Some small local private Car Clubs sprung up and some are
thought to have kept a ‘cash kitty’ to assist their stranded members, but
that was about as organised as it got for the poor motorist.
As the twentieth century got underway, two motoring clubs would become
large enough to have nationwide membership (they would no doubt say
These were of course The Automobile Association (formed
in 1905) and The Royal Automobile Club (formed in 1897 and named oyal
Both organisations were initially set up to help
motorists to obtain fair treatment from the authorities. Although the
organisations become more 'service' related as the years went by, both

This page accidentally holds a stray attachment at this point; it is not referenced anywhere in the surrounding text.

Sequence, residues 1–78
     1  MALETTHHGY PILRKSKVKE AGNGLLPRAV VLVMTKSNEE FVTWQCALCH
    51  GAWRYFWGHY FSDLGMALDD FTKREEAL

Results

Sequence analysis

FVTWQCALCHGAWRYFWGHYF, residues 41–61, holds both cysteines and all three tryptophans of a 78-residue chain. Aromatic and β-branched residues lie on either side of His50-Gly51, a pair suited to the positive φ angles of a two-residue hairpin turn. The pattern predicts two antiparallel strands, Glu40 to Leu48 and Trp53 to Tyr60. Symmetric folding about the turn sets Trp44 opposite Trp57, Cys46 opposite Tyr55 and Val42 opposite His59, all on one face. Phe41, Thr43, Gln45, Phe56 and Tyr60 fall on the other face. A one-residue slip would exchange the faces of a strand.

later also diversified into several non motoring areas (with varying
The services they offered then however, bears little relationship to
those offered by today's clubs. Both organisations would try to repair
members vehicles, with the limited tools and parts their vehicle carried.
Spares could often be collect from the many local garages and the nature
of the vehicles was such that a block of wood, some clean dry cloth, a
roll of insulating tape and piece of rope could fix almost any fault.
was not until the fifties that those vehicles would be linked by radio
(the AA in 1950 the RAC in 1958). Consequently patrols had to go to their
box at prearranged times, to be allocated jobs. If a 'tow' was required, a
local garage would be called and the member would pay.
The first to offer a limited 'get you home service' was the RAC,
in 1912. Members could apply for a brass token which when handed to a
RAC Repairer, would "Bring the necessary assistance and will indemnify
you as the owner of the disc, against the cost of hiring another car to
get you and your party home"